Ground vibrations is a technical term that is being used to describe mostly man-made vibrations of the ground, in contrast to natural vibrations of the Earth studied by seismology. For example, vibrations caused by explosions, construction works, railway and road transport, etc. - all belong to ground vibrations.
In seismology, ground vibrations are associated with different types of elastic waves propagating through the ground. These are surface waves, mostly Rayleigh waves, and bulk longitudinal waves and transverse waves (or shear waves) propagating into the ground depth. Typical frequency range for environmental ground vibrations is 1 – 200 Hz. Waves of lower frequencies (below 1 Hz) are usually called microseisms, and they are normally associated with natural phenomenae, e.g. water waves in the oceans. Environmental ground vibrations generated by rail and road traffic may cause annoyance to residents of nearby buildings both directly and via generated structure-borne interior noise. Very strong ground vibrations, e.g. generated by heavy lorries on bumped roads, may even cause structural damage to very close buildings. Magnitudes of ground vibrations are usually described in terms of particle vibration velocity (in mm/s or m/s). Sometimes they are also described in decibels (relative to the reference particle velocity of 10−9 m/s). Typical values of ground vibration particle velocity associated with vehicles passing over traffic calming road humps are in the range of 0.1 – 2 mm/s. Magnitudes of ground vibrations that are considered to be able to cause structural damage to buildings are above 10–20 mm/s.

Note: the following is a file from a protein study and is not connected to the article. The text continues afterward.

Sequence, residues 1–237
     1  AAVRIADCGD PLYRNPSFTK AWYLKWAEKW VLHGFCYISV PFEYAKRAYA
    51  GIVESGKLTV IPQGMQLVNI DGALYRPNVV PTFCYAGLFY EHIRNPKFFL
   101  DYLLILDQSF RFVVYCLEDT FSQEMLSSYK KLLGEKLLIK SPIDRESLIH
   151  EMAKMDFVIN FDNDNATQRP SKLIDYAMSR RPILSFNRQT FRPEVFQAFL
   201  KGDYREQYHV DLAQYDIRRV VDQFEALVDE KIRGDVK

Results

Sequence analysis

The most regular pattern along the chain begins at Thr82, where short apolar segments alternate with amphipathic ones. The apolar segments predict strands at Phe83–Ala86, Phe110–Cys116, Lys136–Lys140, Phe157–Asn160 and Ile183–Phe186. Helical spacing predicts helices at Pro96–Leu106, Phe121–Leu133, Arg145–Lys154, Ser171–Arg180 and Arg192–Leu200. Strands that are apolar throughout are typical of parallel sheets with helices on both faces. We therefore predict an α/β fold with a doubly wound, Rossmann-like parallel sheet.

Ground vibrations from railwaysEdit
The main sources of ground vibrations generated by railway trains are dynamic forces transmitted from tracks to the ground. These forces are associated with complex processes of interaction of moving train axles with railway tracks supported by the elastic ground. The magnitudes of these forces generally increase with the increase of train speeds. Therefore, the levels of generated ground vibrations may be substantial in the case of high-speed trains. If a train speed becomes larger than Rayleigh wave velocity in the ground, an additional very large increase in generated ground vibrations takes place. This phenomenon is termed ground vibration boom, and it is similar to sonic boom generated by supersonic aircraft.
Ground vibrations from road trafficEdit
The main mechanism responsible for generation of ground vibrations by moving cars and lorries is the dynamic forces associated with vehicle passage over road irregularities, such as bumps, peats, etc. These forces, and hence generated ground vibrations, can be reduced by keeping road surfaces in good condition.
Ground vibrations at constructionEdit
The main sources of ground vibrations at construction are pile driving, dynamic compaction, blasting, and operation of heavy construction equipment. These vibrations may harmfully affect surrounding buildings, and their effect ranges from disturbance of residents to visible structural damage.
- Skipp, B.O. (ed), Ground Dynamics and Man-made Processes, The Institution of Civil Engineers, London, 1998.
- Krylov, V.V. (ed), Noise and Vibration from High Speed Trains, Thomas Telford Publishing, London, 2001.
- Santos, J.A. (ed), Application of Stress-Wave Theory to Piles: Science, Technology and Practice, IOS Press BV, Amsterdam, 2008.
- Bull, J.W. (ed), Linear and Non-linear Numerical Analysis of Foundations, Taylor & Francis, New York, Abingdon, 2009.